Shark Exorcist (2015)


Despite the impression you can get from some individual reviews, and indeed some individual reviewers, most movie critics don’t go into movie viewings with the intention of having something to rip apart and insult when it’s all over. Even bad movies can be criticised constructively, and most clouds can have some small silver lining (e.g. show me a film with Sandra Bullock in a main role and I am already moderately happy for the duraton). But sometimes you catch a film that’s so bad it genuinely provides nothing that can be spun positively.

Shark Exorcist is one of those movies. Written and directed by the slightly infamous (in certain pockets of the internet) Donald Farmer, it’s a near-constant barrage of mind-boggling oddness and incompetence. A few of the actresses are quite pretty, and I only say that now as one of the only good things I can think of. Although I guess I should also give it a begrudged tip of the hat for the inclusion of the line “You’re going to need a bigger cross.”

The plot, hmmmm, how best to describe it. Well, things start off with a nun killing a woman. Which means a shark then appears in a lake. But the shark isn’t literally a shark, maybe, as it seems to transfer evil whenever it bites someone. Or maybe it is literally a shark, which explains the dodgy CGI moments showing it actually swimming through the water. Anyway, some time later we see some ladies swimming in the lake. One (Angela Kerecz) gets bitten, which leads to her turning into some kind of possessed shark woman. Because when she gets into water she turns all shark-like. But not literally. Or maybe it is literal, which explains the dodgy CGI moments showing the shark actually swimming through the water. And then we have someone (Roni Jonah) visiting the lake as part of a TV show in which she will investigate any lurking evil. And there’s a priest. Oh, and stay until some of the end credits have rolled for a completely pointless sequence featuring a girl visiting an aquarium.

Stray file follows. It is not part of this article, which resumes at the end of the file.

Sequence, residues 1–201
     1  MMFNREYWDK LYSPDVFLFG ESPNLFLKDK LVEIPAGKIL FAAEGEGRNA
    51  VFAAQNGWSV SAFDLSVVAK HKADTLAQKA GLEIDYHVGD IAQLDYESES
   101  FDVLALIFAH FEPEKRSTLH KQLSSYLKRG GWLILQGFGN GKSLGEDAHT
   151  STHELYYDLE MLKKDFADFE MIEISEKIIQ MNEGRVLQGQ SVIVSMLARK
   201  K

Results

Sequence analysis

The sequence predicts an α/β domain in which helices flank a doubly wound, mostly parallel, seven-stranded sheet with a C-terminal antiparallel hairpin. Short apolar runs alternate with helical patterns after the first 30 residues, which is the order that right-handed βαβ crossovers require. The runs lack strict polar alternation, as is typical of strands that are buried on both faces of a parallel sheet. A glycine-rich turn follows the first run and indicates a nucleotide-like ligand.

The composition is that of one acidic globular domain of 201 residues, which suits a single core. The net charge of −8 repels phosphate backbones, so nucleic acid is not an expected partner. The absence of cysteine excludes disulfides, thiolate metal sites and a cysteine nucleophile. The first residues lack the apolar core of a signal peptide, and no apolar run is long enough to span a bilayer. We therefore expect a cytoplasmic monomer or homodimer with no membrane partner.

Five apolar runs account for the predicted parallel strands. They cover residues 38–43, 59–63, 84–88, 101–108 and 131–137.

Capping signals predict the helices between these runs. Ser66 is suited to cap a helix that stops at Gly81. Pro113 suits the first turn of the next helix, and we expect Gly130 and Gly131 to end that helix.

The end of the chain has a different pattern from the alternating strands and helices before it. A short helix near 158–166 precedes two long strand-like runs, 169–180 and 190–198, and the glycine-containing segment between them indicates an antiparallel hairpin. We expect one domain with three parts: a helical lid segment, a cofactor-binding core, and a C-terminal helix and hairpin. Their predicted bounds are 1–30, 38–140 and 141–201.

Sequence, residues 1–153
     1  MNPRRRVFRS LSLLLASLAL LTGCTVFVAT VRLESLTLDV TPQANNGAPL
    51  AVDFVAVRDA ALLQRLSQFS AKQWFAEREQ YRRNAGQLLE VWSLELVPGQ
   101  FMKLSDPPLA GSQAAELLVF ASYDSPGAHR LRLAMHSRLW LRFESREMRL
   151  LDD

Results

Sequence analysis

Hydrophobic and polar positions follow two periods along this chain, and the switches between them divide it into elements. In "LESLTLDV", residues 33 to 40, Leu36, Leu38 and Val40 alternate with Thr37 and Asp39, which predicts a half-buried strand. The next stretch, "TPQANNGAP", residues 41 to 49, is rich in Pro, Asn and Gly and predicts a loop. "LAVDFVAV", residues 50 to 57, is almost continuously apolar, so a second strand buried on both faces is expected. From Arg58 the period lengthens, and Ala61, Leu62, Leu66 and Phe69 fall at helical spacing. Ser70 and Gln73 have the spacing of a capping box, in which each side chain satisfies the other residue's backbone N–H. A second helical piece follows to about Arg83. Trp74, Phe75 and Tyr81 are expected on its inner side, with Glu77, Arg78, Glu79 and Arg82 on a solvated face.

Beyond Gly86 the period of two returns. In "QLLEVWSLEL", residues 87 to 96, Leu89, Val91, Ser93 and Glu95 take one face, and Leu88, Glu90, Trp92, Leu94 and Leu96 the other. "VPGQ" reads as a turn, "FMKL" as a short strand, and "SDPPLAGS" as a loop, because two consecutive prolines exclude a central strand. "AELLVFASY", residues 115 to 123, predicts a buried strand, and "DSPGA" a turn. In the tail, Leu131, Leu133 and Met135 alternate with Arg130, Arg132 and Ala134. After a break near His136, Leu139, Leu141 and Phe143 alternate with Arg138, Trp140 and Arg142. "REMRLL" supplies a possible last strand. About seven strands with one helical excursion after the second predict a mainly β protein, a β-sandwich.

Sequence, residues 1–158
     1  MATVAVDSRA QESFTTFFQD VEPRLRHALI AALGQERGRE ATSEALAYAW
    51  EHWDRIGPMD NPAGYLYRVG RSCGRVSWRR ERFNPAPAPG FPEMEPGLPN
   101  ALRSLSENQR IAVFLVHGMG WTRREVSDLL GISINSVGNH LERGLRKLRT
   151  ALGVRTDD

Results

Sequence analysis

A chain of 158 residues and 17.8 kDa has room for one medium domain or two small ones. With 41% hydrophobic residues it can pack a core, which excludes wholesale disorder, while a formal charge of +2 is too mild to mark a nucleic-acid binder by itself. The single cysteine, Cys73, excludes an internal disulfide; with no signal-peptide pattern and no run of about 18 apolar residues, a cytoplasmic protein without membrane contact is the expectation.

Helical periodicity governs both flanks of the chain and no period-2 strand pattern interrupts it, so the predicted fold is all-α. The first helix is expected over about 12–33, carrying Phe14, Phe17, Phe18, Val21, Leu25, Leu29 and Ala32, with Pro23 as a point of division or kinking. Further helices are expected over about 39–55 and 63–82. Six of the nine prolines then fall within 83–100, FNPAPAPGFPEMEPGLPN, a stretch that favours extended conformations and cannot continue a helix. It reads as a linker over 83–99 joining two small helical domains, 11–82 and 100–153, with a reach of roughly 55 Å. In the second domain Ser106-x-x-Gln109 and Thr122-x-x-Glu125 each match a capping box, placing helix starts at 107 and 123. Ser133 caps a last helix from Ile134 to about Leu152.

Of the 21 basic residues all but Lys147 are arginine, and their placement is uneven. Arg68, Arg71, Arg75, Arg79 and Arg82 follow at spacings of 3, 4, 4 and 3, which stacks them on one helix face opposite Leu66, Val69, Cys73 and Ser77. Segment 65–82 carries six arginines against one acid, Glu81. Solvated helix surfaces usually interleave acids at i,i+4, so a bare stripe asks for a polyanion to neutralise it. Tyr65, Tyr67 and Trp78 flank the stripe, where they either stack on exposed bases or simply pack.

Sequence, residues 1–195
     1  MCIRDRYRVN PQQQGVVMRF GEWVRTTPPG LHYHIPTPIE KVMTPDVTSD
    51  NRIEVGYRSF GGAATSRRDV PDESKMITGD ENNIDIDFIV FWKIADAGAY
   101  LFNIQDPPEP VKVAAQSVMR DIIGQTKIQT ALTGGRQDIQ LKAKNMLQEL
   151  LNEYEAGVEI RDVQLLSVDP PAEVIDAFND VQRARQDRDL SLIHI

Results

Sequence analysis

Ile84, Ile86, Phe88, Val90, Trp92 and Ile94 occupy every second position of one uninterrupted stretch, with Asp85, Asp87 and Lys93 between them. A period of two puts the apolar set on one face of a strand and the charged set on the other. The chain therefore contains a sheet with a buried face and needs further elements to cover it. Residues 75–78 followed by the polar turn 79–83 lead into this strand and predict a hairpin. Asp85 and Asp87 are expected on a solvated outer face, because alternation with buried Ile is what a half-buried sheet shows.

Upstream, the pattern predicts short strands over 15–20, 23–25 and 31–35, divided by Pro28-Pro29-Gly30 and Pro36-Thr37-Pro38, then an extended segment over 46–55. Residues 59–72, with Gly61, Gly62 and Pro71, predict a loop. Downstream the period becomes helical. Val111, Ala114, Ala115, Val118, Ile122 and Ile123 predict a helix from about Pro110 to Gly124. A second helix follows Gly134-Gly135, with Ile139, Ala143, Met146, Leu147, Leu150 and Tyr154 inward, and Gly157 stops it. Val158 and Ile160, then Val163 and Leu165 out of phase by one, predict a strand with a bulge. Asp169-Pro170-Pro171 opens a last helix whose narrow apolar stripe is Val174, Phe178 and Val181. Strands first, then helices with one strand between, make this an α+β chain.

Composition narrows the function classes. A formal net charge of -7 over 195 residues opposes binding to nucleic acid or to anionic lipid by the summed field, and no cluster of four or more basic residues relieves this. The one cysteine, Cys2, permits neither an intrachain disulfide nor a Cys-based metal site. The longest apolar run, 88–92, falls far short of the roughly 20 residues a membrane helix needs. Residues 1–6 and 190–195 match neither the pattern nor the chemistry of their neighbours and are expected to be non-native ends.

That doesn’t even come close to describing every random event that occurs in the film, which also tries to distract you from the laughable script with a horribly intrusive score and camerawork that can only best be described as clunky, to put it as nicely as possible.

Not so much a movie, this is more of an endurance test. Thankfully, it’s also just over an hour in length (despite feeling like so much longer). And, although it goes without saying, the scariest thing about the whole endeavour is the prospect that Farmer may one day subject is to a sequel.

Shark Exorcist is available free for Amazon Prime members. And free is the only price point I’d recommend for the curious/foolhardy among you.


Film Rating: ½☆☆☆☆

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